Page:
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Magnetic resonance imaging in myelocystoceles

Report of two cases

Warwick J. Peacock and Judith A. Murovic

lower end of the cord extended to the first sacral segment where it was clearly tethered to the surrounding meningocele wall. Intramedullary cysts with a beaded appearance extended from the level of the midthoracic spine to the lumbosacral area ( Fig. 1 ) and a Schmorl's node defect was found to involve the inferior and superior end-plates of L-4 and L-5, respectively. Fig. 1. Case 1. T 1 -weighted magnetic resonance images showing sagittal (left) and coronal (right) views of the thoracolumbar spine. The myelocystocele is visualized in the sagittal view

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Magnetic resonance images of brain-stem encephalitis

Case report

Kohkichi Hosoda, Norihiko Tamaki, Michio Masumura, and Satoshi Matsumoto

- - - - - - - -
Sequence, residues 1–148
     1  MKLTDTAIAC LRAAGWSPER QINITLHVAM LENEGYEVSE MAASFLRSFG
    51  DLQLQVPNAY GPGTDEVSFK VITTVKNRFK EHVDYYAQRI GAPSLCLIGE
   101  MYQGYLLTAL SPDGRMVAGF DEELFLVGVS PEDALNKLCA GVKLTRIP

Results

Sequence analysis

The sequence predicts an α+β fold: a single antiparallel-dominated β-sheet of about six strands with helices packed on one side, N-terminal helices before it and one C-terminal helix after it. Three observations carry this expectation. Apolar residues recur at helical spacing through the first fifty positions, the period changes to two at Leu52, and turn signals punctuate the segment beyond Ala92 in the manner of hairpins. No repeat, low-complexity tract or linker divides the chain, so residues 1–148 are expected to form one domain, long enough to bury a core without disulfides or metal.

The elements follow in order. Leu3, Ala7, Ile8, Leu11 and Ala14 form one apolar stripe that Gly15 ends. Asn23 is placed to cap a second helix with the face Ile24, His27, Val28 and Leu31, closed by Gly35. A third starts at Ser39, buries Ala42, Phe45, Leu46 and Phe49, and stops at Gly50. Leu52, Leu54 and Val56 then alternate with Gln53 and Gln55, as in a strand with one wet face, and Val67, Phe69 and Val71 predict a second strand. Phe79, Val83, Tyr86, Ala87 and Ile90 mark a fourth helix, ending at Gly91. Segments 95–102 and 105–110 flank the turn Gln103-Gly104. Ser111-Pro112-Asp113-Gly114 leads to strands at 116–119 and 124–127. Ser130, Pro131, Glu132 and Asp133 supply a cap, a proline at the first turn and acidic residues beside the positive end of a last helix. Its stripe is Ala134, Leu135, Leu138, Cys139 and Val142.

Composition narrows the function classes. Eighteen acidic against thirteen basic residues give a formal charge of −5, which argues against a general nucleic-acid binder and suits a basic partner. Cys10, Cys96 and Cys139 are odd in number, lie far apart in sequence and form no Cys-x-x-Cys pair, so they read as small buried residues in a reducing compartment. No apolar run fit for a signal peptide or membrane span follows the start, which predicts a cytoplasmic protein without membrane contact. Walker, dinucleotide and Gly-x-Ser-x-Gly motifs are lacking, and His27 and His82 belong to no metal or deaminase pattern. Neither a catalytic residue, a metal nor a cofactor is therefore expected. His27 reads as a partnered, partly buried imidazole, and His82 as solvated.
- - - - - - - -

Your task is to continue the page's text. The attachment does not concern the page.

B rain-stem encephalitis is a rare disorder. The classical form is characterized by acute progressive ophthalmoplegia, ataxia, and hyporeflexia; patients suffering from this condition usually recover completely. 1 The computerized tomography (CT) scan is frequently normal, but occasionally shows a low-density lesion in the brain stem. 1 We report a patient with brain-stem encephalitis who presented with right abducens palsy and ataxia. The appearance on CT scanning and magnetic resonance imaging (MRI) is described. Case Report This 44-year-old man

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Magnetic resonance imaging of spinal arteriovenous malformations